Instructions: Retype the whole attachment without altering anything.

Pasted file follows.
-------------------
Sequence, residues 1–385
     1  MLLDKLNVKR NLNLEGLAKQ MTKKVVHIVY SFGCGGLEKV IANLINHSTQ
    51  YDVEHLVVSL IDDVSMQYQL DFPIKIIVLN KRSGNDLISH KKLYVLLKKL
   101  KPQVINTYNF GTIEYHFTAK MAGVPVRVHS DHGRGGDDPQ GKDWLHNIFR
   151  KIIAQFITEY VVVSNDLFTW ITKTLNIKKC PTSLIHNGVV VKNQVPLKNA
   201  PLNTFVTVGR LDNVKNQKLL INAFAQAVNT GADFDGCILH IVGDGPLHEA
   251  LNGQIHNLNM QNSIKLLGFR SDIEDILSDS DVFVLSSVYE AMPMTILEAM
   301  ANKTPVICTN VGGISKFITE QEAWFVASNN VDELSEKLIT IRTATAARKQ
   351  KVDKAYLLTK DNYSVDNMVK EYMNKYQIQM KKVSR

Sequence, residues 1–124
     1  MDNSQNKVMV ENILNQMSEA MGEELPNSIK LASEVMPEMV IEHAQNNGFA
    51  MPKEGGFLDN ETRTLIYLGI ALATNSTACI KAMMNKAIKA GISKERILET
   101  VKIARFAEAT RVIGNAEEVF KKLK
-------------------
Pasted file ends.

Sequence, residues 1–385
     1  MLLDKLNVKR NLNLEGLAKQ MTKKVVHIVY SFGCGGLEKV IANLINHSTQ
    51  YDVEHLVVSL IDDVSMQYQL DFPIKIIVLN KRSGNDLISH KKLYVLLKKL
   101  KPQVINTYNF GTIEYHFTAK MAGVPVRVHS DHGRGGDDPQ GKDWLHNIFR
   151  KIIAQFITEY VVVSNDLFTW ITKTLNIKKC PTSLIHNGVV VKNQVPLKNA
   201  PLNTFVTVGR LDNVKNQKLL INAFAQAVNT GADFDGCILH IVGDGPLHEA
   251  LNGQIHNLNM QNSIKLLGFR SDIEDILSDS DVFVLSSVYE AMPMTILEAM
   301  ANKTPVICTN VGGISKFITE QEAWFVASNN VDELSEKLIT IRTATAARKQ
   351  KVDKAYLLTK DNYSVDNMVK EYMNKYQIQM KKVSR

Sequence, residues 1–124
     1  MDNSQNKVMV ENILNQMSEA MGEELPNSIK LASEVMPEMV IEHAQNNGFA
    51  MPKEGGFLDN ETRTLIYLGI ALATNSTACI KAMMNKAIKA GISKERILET
   101  VKIARFAEAT RVIGNAEEVF KKLK